3) PERFORMANCE MEASUREMENT

a: METRIC

This section adopts the time required for authentication as a metric of authentication overhead. However, the time con-sumed while the user enters her or his username and password on the sign-in page of Facebook should not be included in the measurement because it varies from person to person. Therefore, we assume that the user usually uses Facebook with a browser on the user’s device, i.e., the user has already signed in to Facebook and a Facebook credential has been stored in a browser cookie. Under this assumption, the sign-in procedure is completed as soon as the user visits the sign-sign-in page of Facebook, and the time taken to enter the username and password is not included in the measurement.

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TABLE 2. Details of experimental setup.

b: EXPERIMENTAL SETUP

The details of the experimental setup are listed in Table 2. PacketFence was installed on a CentOS machine. The authen-tication server was implemented as a Ruby on Rails web server and deployed on one of the most popular platforms as a service (PaaS) called Heroku.

The time required for authentication was extracted from timestamps in a log file of the authentication server. In this measurement, the time required for authentication is defined as the length of a period that begins with the first request to the server and ends with the last response from the server.

c: REFERENCE SETUP

The reference system does not take into account the online social relationships between a device owner and guest users. The authentication server in the reference system does not acquire and evaluate online social relationships on Facebook and allows all guest users to use the WiFi AP for a fixed duration.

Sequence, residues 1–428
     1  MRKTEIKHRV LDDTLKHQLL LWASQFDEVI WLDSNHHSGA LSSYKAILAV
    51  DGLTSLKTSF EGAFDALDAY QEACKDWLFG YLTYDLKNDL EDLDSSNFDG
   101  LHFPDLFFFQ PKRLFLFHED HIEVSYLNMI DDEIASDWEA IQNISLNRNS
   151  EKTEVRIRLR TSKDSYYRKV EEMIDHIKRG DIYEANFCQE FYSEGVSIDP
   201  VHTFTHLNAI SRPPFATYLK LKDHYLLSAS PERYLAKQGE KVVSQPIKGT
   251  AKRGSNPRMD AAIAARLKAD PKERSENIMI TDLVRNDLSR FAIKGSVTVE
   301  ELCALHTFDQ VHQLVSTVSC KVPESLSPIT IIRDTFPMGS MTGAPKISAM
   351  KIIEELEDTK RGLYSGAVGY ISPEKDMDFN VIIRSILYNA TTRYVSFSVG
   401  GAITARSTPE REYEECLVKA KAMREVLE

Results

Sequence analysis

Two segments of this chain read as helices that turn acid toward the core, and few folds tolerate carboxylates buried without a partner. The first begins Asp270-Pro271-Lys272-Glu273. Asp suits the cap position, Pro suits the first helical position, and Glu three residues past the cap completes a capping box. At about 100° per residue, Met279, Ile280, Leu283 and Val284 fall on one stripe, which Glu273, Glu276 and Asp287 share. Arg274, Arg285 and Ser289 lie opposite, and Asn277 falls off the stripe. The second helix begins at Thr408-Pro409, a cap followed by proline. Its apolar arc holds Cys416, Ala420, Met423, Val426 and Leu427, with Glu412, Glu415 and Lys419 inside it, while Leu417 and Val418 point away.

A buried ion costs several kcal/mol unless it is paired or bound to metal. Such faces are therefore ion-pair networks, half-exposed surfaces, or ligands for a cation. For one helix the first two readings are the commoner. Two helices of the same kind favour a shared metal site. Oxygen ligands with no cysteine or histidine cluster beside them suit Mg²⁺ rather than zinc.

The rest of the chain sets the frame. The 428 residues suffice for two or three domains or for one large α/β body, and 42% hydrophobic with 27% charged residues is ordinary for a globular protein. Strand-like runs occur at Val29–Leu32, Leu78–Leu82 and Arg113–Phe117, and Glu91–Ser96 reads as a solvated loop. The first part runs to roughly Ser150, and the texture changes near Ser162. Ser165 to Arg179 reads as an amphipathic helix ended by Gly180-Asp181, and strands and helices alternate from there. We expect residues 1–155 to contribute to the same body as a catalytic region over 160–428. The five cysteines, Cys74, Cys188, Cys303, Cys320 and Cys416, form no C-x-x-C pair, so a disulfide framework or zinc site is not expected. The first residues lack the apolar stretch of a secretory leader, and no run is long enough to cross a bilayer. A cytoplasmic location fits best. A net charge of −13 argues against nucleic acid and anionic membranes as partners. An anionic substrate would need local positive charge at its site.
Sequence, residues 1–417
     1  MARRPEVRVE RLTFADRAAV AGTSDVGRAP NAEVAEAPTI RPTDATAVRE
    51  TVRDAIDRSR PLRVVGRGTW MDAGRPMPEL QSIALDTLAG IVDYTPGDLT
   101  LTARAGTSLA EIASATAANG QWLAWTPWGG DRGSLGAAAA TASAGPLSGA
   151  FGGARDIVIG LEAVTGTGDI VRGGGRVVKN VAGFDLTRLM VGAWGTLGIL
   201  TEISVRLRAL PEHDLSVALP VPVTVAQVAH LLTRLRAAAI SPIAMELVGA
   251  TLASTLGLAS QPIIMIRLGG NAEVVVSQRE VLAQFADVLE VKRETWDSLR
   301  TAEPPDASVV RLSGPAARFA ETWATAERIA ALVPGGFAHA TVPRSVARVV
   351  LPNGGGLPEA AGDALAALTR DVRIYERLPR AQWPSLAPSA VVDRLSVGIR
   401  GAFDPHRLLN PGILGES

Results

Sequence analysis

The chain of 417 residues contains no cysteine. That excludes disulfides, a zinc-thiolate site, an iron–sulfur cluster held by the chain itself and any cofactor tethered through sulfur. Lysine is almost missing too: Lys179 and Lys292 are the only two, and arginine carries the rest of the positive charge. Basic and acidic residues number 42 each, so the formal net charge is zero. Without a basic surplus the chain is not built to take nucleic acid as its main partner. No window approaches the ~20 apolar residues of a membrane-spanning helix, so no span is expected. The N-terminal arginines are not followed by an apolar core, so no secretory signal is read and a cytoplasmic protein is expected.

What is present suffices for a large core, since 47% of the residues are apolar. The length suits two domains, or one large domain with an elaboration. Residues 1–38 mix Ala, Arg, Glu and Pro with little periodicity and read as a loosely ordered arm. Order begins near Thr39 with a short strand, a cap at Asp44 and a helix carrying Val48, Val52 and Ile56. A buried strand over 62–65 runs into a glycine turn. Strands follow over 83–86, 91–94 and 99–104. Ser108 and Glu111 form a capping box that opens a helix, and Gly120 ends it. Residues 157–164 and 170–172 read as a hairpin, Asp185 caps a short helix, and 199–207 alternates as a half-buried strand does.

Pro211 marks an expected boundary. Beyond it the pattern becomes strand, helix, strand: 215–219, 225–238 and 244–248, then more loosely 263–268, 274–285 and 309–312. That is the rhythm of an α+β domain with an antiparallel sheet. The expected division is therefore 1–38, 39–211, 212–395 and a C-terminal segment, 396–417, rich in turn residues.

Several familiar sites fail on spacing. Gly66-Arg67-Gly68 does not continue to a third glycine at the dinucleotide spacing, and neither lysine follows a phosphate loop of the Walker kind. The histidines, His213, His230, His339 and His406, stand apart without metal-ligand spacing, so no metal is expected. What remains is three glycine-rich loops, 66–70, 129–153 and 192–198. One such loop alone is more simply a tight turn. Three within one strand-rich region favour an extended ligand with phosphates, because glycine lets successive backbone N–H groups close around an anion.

TABLE 3. Time required for authentication.

d: RESULTS

Table3shows the duration required for authentication, which was measured using the prototype system. In the table, the 5th shortest, median, and 20th shortest values obtained from 25 measurements are shown for evaluating the distribution of the measured duration. The median of the duration required for authentication in the proposed system was slightly longer than that in the reference system. This is because the proposed system acquires and evaluates online social relationships on Facebook, while the reference system does not. However, this duration was not dominant in the entire authentication pro-cess. These results verified that the proposed system works sufficiently in terms of the overhead for authentication com-pared with the reference system.